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Data from: Female remating decisions and a shorter inter-mating interval diminish last-male sperm precedence


Hook, Kristin A. (2018), Data from: Female remating decisions and a shorter inter-mating interval diminish last-male sperm precedence, Dryad, Dataset,


Highly variable within and across species, patterns of sperm use not only are often driven by post-copulatory sexual selection but can also be impacted by experimental design. In investigations of paternity bias using competitive double matings, the inter-mating interval is a temporal factor that can affect sperm use patterns if the first male’s sperm is used or lost at an appreciable rate between matings or if its viability or relative competitiveness is influenced by the time since ejaculation. Rapid loss of first-male sperm within the female after mating has been established in the seed beetle (Callosobruchus maculatus), a model system in sperm competition studies. However, our understanding of sperm precedence in this species, which disproportionately favors the last (second) male to mate, is based on long inter-mating intervals. Here, I determine the effect of a shortened inter-mating interval on second-male paternity (P2) and, importantly, the extent to which females in this species are willing to remate immediately. I find that P2 is significantly reduced when females remate immediately than when they remate 24 or 48 h after the first mating and that immediate remating is common, indicating that there is a substantial potential for female remating decisions to influence the intensity of sperm competition within species. To understand the variation in inter-mating intervals from a female perspective, I further identify key differences between females that did and did not remate at three inter-mating intervals (0, 24, and 48 h after the initial mating) and discuss potential mechanisms for the observed variation in female refractoriness.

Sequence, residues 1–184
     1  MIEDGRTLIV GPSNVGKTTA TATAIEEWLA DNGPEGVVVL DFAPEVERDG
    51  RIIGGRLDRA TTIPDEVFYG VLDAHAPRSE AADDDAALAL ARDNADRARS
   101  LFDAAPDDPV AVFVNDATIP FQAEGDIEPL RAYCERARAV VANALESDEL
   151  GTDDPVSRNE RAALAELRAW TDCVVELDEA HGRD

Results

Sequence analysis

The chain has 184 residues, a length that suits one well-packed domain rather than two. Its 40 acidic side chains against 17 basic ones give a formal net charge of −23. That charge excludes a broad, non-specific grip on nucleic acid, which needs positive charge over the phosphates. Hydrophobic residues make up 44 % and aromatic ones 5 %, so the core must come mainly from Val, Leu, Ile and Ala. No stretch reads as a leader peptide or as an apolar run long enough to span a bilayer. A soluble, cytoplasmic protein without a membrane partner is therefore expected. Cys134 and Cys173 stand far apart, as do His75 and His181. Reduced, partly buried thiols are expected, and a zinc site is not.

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National Science Foundation, Award: DGE-1144153